A model compound for purely organic ferrimagnets has been studied by single-crystal cw-ESR spectroscopy. A heterospin system under study is composed of two kinds of nitronylnitroxide molecules with the ground states of S = 1/2 and S = 1. These molecules are stacked in an alternating chain in the crystal. The cw-ESR signal of the compound was found to split into two signals below 10 K, which were reproduced by the superposition of two Lorentzian signals. The X-ray measurements at 9.6 K disclosed that the crystal structure remained unchanged at low temperatures, indicating that the origin of the ESR line splitting is not attributable to symmetry reduction associated with structural change but to some change in the spin state: Two distinguishable paramagnetic species are found from the ESR spectra. The appearance of two kinds of paramagnetic species in the alternating chain at finite temperature is expected as a primitive model of thermal excitation in the ferrimagnetic chain which is based on a theoretical calculation. The present experimental results demonstrate that the classical picture of ferrimagnetic spin state (antiparallel alignment of adjacent spins with different spin quantum numbers) is invalidated to describe organic molecule-based exchange-coupled spin systems and overlooks an essential part of the nature of ferrimagnetics.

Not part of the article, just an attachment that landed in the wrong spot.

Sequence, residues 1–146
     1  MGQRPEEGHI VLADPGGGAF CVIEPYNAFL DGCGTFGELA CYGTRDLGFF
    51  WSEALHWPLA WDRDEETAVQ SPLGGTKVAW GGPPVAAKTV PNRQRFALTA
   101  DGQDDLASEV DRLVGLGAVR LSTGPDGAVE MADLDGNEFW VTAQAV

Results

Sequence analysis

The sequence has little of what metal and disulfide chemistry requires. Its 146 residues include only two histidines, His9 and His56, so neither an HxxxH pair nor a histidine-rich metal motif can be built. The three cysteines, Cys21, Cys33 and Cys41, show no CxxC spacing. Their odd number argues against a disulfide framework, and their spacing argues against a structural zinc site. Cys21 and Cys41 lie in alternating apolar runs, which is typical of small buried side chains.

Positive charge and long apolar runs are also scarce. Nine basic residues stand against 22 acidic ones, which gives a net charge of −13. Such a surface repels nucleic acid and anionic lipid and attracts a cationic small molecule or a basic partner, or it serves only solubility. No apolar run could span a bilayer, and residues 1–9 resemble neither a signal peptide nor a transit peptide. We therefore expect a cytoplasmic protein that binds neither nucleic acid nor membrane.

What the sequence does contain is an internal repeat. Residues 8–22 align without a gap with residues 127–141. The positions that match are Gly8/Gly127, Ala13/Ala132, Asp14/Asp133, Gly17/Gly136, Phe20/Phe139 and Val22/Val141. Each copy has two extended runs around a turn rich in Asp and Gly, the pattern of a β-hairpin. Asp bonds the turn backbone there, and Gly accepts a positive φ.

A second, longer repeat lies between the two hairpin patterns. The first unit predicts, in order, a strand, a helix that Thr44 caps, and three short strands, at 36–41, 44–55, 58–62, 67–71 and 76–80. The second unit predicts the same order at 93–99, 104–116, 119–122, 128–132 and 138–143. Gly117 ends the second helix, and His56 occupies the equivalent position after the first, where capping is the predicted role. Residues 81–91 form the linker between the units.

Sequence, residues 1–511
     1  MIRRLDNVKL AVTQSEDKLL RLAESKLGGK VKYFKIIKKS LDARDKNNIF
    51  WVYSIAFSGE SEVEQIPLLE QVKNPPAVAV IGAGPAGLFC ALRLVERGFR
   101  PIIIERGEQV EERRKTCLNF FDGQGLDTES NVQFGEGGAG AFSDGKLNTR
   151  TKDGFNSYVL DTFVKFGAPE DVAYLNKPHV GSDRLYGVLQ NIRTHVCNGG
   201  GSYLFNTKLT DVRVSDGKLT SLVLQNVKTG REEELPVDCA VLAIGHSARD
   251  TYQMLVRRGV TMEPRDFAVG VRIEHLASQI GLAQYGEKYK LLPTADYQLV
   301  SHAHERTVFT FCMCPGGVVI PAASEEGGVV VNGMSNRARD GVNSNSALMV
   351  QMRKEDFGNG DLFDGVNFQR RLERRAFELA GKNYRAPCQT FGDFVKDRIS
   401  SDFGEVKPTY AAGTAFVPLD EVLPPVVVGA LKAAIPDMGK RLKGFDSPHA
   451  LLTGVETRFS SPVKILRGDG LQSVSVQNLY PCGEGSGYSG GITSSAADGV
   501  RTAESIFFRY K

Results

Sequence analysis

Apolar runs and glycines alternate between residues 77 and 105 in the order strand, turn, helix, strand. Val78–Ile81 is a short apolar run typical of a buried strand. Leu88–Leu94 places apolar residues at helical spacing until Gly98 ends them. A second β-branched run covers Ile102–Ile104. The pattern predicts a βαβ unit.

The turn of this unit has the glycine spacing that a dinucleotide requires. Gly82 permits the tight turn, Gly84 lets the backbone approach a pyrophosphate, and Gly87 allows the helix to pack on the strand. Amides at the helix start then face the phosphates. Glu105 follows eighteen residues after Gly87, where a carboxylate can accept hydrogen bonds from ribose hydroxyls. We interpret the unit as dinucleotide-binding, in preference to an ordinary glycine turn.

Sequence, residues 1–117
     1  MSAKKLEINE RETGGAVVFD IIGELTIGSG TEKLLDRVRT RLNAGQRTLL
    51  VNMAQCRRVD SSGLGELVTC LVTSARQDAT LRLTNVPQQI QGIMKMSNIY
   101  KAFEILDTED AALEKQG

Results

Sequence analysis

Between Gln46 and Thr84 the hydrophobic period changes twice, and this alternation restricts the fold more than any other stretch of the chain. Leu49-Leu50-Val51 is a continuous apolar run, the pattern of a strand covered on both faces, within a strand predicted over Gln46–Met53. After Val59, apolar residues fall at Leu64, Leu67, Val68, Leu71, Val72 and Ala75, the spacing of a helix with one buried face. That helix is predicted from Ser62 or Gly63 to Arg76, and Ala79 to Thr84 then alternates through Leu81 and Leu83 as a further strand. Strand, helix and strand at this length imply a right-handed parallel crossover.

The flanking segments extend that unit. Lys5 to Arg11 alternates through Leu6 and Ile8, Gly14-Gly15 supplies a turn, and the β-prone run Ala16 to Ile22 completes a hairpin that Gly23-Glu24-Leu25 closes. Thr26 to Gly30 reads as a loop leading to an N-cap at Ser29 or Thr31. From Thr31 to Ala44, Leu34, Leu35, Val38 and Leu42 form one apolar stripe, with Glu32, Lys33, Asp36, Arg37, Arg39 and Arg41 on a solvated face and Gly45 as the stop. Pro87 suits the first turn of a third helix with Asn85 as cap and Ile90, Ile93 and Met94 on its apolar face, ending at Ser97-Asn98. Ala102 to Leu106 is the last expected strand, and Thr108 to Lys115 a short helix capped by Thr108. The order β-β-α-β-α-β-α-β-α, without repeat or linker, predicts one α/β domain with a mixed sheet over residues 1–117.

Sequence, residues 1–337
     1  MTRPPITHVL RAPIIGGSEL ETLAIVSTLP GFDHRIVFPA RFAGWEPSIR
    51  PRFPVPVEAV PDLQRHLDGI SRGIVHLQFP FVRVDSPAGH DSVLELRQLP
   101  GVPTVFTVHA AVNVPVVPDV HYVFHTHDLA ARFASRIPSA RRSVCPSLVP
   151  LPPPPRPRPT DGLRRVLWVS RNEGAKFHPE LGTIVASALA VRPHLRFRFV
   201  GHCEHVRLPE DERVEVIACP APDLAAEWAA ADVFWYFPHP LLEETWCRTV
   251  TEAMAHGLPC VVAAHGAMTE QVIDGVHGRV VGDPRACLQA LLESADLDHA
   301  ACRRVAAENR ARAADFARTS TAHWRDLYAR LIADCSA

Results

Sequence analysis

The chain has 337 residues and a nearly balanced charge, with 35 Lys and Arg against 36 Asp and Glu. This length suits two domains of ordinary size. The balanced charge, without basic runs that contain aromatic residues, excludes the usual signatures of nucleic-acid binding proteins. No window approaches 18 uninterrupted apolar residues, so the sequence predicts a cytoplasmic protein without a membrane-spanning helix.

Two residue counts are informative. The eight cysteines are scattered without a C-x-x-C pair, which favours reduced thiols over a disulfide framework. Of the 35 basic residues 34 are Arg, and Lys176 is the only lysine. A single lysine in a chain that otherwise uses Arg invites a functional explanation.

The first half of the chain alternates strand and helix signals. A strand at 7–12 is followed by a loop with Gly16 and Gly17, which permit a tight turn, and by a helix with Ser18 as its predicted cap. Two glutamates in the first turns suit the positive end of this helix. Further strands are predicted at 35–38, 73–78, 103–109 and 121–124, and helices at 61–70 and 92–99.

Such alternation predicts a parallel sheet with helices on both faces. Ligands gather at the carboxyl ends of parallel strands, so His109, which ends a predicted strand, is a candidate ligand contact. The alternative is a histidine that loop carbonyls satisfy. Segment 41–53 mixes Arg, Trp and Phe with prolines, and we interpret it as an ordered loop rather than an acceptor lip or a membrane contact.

ASJC Scopus subject areas
- Physical and Theoretical Chemistry
- Surfaces, Coatings and Films
- Materials Chemistry